2. Tettamanti L, Andrisani C, Bassi MA, et al. Immediate loading implants: review of the critical aspects. Oral Implantol (Rome). 2017;10(2):129-139. doi:10.11138/orl/2017.10.2.129

3. Ebenezer V, Balakrishnan K, Asir RV, et al. Immediate placement of endosseous implants into the extraction sockets. J Pharm Bioallied Sci. 2015;7(Suppl 1):S234-S237. doi:10.4103/0975-7406.155926 

4. Canullo L, Bignozzi I, Cocchetto R, et al. Immediate positioning of a definitive abutment versus repeated abutment replacements in post-extractive implants: 3-year follow-up of a randomised multicentre clinical trial. Eur J Oral Implantol. 2010;3(4):285–96. 

5. Santos JS, De Santana Santos T, Martins-Filho PRS, et al. One abutment at one time concept for platform-switched morse implants: systematic review and meta-analysis. Braz Dent J. 2018;29(1):7-13. doi:10.1590/0103-6440201801686

6. Grandi T, Guazzi P, Samarani R et al. Immediate positioning of definitive abutments versus repeated abutment replacements in immediately loaded implants: effects on bone healing at the 1-year follow-up of a multicenter randomized controlled trial. Eur J Oral Implantol. 2012;5(1):9-16. 

7. Dayakar MM, Waheed A, Bhat HS, et al. The socket-shield technique and immediate implant placement. J Indian Soc Periodontol. 2018;22(5):451–5. doi:10.4103/jisp.jisp_240_18

8. Ditron Dental USA. ULT: Ultimate Precision Implants. https://www.ditrondentalusa.com/ult-ssp.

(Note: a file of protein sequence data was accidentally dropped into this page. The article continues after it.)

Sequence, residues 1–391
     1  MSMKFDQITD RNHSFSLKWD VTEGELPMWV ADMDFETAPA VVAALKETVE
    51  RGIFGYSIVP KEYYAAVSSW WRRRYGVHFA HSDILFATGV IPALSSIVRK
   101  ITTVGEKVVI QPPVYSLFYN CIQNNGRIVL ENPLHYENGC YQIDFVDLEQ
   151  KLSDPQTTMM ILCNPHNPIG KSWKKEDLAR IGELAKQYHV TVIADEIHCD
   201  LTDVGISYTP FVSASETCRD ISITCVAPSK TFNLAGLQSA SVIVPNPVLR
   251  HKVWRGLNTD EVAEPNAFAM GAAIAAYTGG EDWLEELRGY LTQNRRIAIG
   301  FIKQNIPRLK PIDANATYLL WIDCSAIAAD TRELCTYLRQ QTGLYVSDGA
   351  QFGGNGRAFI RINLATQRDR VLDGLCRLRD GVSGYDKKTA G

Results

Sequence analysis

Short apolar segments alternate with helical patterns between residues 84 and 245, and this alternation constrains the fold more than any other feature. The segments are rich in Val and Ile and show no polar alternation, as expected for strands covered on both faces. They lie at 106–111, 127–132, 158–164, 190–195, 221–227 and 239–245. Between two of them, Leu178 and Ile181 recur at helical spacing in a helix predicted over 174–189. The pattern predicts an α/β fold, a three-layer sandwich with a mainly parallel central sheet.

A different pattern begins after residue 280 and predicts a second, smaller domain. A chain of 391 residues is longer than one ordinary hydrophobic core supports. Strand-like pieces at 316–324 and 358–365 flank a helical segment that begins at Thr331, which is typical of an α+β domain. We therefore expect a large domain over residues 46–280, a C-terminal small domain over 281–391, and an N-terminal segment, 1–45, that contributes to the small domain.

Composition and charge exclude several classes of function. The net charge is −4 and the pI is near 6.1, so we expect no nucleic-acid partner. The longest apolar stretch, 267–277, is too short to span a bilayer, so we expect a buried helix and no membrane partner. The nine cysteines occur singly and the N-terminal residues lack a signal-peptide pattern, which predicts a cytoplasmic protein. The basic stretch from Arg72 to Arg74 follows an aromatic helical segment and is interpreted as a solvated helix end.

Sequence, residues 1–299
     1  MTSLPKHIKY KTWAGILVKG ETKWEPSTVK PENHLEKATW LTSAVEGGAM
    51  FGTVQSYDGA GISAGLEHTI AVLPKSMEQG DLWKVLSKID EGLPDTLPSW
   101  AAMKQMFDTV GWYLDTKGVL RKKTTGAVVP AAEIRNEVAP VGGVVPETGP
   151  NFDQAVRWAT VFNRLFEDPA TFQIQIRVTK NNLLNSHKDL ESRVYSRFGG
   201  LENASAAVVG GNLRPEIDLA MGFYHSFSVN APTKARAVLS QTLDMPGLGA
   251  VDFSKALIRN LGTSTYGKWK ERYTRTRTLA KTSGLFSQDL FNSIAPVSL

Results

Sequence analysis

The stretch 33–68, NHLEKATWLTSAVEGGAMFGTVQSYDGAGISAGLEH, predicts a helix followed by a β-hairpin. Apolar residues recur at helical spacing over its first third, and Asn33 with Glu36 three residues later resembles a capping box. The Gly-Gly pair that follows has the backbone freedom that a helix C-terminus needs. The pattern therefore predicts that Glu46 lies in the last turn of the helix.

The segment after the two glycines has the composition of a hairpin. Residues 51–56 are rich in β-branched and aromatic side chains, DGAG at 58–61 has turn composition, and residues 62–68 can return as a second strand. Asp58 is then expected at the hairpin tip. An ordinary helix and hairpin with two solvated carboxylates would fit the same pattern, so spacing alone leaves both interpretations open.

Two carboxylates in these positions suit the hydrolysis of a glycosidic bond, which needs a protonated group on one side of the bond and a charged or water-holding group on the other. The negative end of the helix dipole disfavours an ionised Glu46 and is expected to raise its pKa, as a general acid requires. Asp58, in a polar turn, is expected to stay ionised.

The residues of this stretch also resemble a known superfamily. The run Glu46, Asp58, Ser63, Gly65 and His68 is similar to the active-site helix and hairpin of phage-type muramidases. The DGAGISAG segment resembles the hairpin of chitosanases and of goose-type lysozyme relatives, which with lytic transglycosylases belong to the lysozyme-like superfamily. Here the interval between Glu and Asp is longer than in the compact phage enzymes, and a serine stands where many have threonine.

Dr. Miller received his BA degree from New York University and his MA degree from Hofstra University. He graduated with honors from the New York University College of Dentistry in 1981 and then completed his residency at Flushing Medical Center in New York City.

Dr. Miller is a Fellow of the American College of Dentists, a Diplomate of the American Board of Oral Implantology, an Honored Fellow of the American Academy of Implant Dentistry, a Diplomate of the International Congress of Oral Implantologists, a Fellow of the Academy of Osseointegration, and the chairman of the Department of Oral Implantology at the Atlantic Coast Dental Research Clinic in Palm Beach, Fla.

He is director of the Center for Advanced Aesthetic and Implant Dentistry in Delray Beach, Fla, where he has a full-time practice dedicated to implant dentistry and revision surgery.

He can be reached at drrjmiller1@aol.com. 

Disclosure: Dr. Miller has a financial relationship with Ditron Dental USA.